Dining Out: The George, Kilsby, Rugby, Warwickshire.
I had been looking forward to visiting The George at Kilsby having been there on a number of occasions in the past. Situated at the end of the original section of the A5 on a steep bend passing motorists could not miss the pub because of the bright blue signage which adorns this 18th c public house. Interestingly, the A361 which goes from Ilfracombe in Devon (195 miles – 314 km) terminates at the junction with the A5 outside the front door making it the longest ‘3-digit’ road in Britain. Now that’s one for their Sunday Night Quiz!
The ‘George Hotel’ as it was originally called, was named after King George III because the pub lies on the route of the old eighteenth-century turnpike road from Daventry to Lutterworth. George signed the Act of Parliament which allowed the turnpike road to be built. It was not named after George Stephenson, he of the steam locomotive `The Rocket` fame, whose son Robert Stephenson designed and constructed the nearby Kilsby Tunnel. The George is five miles south-east of Rugby and six miles north of Daventry which should place it within the county of Northamptonshire but the pubs website gives The George a Warwickshire address! Strange.
The only other pub in Kilsby is `The Red Lion‘ which is situated on the western edge of the village at the junction of two former medieval cattle drove-routes. Kilsby with a population of about 1,500 is now a modern commuter village with some fine old houses of mellow local Northamptonshire stone, most of which date from the 17/18c.
The George is a traditional English pub with a welcoming atmosphere. When you enter the pub on the right is an old-style pub bar lounge and to the left is the separate dining room/restaurant. The George also has a refurbished function room round to the side which is hired out for parties, meetings and hosts regular jazz and open -mic evenings. `The George Hotel` also has six bedrooms offering shared bathroom facilities. Each of the rooms has colour television plus tea and coffee making facilities. Situated a mile from the improved junctions 18/19 of the M1/M6 and A14 `The George` is very convenient for travellers looking for a bed and meal for the night. There is also a spacious beer garden at the back for those long summer evenings!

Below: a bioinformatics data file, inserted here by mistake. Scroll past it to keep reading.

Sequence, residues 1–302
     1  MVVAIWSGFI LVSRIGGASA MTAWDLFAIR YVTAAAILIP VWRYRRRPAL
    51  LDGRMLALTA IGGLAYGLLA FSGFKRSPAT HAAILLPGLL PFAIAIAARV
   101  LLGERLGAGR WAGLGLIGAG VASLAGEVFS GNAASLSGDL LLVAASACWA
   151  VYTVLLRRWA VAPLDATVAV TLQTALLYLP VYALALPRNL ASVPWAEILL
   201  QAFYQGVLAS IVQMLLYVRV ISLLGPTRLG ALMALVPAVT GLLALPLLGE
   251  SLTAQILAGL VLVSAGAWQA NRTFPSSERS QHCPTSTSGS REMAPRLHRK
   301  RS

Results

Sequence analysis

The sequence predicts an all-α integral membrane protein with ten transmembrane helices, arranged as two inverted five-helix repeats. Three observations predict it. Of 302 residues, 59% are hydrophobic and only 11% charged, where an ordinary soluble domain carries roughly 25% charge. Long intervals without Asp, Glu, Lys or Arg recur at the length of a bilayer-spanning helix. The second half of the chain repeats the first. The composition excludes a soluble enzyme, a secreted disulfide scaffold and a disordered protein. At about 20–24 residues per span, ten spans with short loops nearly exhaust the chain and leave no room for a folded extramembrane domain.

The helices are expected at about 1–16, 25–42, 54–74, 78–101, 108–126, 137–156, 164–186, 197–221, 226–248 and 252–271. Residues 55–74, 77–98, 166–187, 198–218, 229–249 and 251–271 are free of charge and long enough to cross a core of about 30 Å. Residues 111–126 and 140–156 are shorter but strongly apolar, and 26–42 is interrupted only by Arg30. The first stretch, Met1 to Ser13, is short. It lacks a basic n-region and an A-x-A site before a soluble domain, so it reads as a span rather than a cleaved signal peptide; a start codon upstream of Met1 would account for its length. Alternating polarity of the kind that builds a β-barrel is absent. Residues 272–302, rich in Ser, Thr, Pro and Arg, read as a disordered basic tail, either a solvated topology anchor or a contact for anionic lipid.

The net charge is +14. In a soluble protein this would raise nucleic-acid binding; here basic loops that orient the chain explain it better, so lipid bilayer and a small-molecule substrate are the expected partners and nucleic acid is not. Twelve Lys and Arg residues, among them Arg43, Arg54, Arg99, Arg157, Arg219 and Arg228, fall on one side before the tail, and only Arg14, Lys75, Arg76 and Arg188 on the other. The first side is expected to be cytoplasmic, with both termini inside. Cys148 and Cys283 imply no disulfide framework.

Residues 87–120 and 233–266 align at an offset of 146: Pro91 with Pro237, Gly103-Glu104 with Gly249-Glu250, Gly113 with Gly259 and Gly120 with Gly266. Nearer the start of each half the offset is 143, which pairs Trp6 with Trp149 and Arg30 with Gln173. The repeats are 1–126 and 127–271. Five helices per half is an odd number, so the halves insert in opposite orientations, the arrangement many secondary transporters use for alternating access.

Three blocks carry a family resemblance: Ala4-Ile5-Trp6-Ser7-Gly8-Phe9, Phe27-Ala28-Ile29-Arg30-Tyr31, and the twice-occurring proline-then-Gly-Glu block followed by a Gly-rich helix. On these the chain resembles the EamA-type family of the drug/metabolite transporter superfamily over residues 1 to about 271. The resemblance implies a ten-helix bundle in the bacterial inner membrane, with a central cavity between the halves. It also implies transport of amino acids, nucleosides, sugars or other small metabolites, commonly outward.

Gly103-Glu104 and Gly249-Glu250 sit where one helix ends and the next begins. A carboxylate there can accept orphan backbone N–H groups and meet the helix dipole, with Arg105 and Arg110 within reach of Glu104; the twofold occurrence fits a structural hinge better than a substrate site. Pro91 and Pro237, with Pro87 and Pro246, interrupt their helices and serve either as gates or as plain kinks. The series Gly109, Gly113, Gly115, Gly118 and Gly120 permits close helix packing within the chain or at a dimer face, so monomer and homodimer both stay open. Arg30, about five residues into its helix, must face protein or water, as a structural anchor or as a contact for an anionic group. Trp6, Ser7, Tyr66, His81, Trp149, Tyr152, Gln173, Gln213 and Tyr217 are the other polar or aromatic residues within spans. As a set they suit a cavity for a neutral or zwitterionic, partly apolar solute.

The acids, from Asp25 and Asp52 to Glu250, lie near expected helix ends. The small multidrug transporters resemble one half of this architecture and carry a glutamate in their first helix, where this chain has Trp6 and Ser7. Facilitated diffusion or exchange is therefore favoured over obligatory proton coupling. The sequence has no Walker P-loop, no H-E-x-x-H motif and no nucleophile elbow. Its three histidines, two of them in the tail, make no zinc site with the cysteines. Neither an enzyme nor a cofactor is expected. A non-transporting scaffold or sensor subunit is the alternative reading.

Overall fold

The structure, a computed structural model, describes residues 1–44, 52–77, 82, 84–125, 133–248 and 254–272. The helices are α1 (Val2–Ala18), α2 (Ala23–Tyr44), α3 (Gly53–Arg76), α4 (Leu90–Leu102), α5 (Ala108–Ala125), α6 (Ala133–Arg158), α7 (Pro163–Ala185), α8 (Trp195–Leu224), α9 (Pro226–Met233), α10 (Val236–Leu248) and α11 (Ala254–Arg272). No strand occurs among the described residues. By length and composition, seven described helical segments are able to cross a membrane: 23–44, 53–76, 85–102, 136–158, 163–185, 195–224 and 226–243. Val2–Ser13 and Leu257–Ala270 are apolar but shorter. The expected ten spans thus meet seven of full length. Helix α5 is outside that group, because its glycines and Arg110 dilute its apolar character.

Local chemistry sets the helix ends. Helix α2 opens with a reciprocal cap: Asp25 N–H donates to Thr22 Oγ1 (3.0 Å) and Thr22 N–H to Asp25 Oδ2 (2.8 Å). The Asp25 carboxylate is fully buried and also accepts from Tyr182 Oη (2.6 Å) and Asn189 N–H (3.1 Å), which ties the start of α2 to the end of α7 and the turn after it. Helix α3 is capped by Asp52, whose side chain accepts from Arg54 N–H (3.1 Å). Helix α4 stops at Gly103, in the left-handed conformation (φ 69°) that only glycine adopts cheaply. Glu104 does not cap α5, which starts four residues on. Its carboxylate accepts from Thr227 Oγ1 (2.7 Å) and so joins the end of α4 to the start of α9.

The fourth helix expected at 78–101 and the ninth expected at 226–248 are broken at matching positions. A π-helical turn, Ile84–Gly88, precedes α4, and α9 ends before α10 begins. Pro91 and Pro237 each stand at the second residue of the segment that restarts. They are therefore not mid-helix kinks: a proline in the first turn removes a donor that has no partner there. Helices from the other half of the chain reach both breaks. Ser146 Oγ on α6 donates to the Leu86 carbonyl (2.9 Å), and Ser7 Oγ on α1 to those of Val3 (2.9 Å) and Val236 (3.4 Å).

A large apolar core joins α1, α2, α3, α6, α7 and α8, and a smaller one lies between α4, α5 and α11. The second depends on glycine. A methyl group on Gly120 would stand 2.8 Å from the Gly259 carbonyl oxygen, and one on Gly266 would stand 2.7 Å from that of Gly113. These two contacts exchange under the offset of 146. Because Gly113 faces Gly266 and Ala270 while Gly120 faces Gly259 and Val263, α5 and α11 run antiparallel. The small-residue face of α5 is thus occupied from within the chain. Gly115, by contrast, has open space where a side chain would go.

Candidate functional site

The George is very popular with locals from the village and has good local reputation for quality food and drink. The bar and restaurant were full on the evening of my visit. The bar stocks a wide range of fine draught beers and ales from across the country. The George also likes to source its vegetables and meat from local suppliers wherever possible. I was told their steaks come from Perkins Lodge Farm in nearby Long Buckby.
The staff welcomed my wife and I on our arrival and the waiting staff were smart, efficient and attentive during our meal but never obtrusive. We didn`t have to wait long to place our order and the food arrived in good time despite the other tables in the restaurant filling up fast whilst we waited.
I was very pleased to see one of my favourite draught beers available so I went for a couple of pints of Fuller`s London Pride as my liquid refreshment. My wife chose to savour a couple of large glasses of fine Shiraz, which she said, licking her lips, was delightful!
We decided to miss out on the starters so that we could try the homemade desserts from the `sweet board` at the end of our meal, so we went straight to the main courses from the extensive weighty `Evening Menu`.
8oz. Horseshoe Gammon,
pineapple rings, fried egg, chunky chips,